N.C. Senate candidates address top issues at SCC debate

  • Victoria Fox (left) and Kevin Corbin discussed a wide range of issues during their Oct. 22 debate at Southwestern Community College in Sylva.
    Victoria Fox (left) and Kevin Corbin discussed a wide range of issues during their Oct. 22 debate at Southwestern Community College in Sylva.

The two candidates competing for the N.C. Senate 50 seat had the chance to speak directly to voters at the final candidate debate hosted by Southwestern Community College at the Sylva campus. Students in Dr. Bucky Dann’s Social Problems posed some hard-hitting questions to the candidates in the debate that was live streamed to the public on Thursday evening, Oct. 22.

Kevin Corbin, Republican-Franklin, won the coin toss to start the opening statements. Then and throughout the debate, he highlighted his experience in government. Currently serving his second term in the N.C. House-120, he chairs a number of committees and is deputy majority whip in the House.

“I’m very pro-public schools,” he said. He served as chairman of the Macon County School Board for 20 years then as a commissioner for six years before running for state. He is a sixth-generation Western Carolina resident and runs an insurance business in Franklin.

In contrast, Victoria Fox, Democrat-Canton, is a newcomer to politics, who has spent much of the past several years raising her children who are under 10 years old. Previously, she worked in outreach in Detroit, Michigan serving those in poverty and is passionate about combating poverty in the district.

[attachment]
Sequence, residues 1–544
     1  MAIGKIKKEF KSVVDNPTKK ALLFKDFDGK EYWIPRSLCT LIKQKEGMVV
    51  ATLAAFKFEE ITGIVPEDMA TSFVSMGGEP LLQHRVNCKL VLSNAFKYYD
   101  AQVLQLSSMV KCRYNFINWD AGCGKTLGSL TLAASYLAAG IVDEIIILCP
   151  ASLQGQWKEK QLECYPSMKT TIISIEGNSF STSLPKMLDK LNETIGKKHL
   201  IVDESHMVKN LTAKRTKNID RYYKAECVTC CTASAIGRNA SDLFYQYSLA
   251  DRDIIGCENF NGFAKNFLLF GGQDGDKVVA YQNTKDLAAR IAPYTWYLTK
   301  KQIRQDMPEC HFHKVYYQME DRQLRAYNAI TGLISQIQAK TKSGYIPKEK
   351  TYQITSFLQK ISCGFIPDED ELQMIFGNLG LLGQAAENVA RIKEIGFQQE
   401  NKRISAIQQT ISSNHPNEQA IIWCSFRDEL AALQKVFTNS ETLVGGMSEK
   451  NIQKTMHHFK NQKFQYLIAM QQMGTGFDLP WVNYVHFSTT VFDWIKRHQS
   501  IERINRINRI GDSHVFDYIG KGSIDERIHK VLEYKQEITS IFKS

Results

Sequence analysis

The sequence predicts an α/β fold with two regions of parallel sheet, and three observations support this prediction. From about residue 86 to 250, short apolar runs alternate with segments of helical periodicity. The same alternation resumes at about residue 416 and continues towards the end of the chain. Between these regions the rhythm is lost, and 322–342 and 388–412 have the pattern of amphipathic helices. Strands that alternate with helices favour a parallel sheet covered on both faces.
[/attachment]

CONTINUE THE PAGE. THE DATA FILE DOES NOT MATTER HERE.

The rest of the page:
“I like to say that kind of work changes you—you come out of the other side with a vast understanding of what poor public policy can do to a community,” she said in her opening statement.

On several of the evening’s issues, the candidates both expressed they would work to improve the lives of people in Western North Carolina, from supporting investment in education and clean energy to affordable healthcare and economic development, but their paths on how to achieve those goals are the difference.

For Fox, her stance is staunchly Democrat. On the question to expand Medicaid in North Carolina, she said, yes, she supports it. “It’s designed to help our working class families,” she said. “It’s unconscionable to me we can’t expand Medicaid.” She added it also would be beneficial to rural hospitals.

On the subject, Corbin differs from most of his party. “I am one of the few Republicans that is for Medicaid expansion,” he said. “I’m in the insurance business, so I see that gap.” He added the Affordable Care Act made insurance unaffordable for that group. He stressed, however, success in the state legislature requires the votes. He co-signed a bill to expand Medicaid that would have required providers to help pay the 10% state match, but not even that approach took off.

In response to a question about Duke Energy’s efforts for a rate increase to help address coal ash clean up and whether candidates think the company should be investing more in solar energy, Corbin’s response may also have come as a surprise.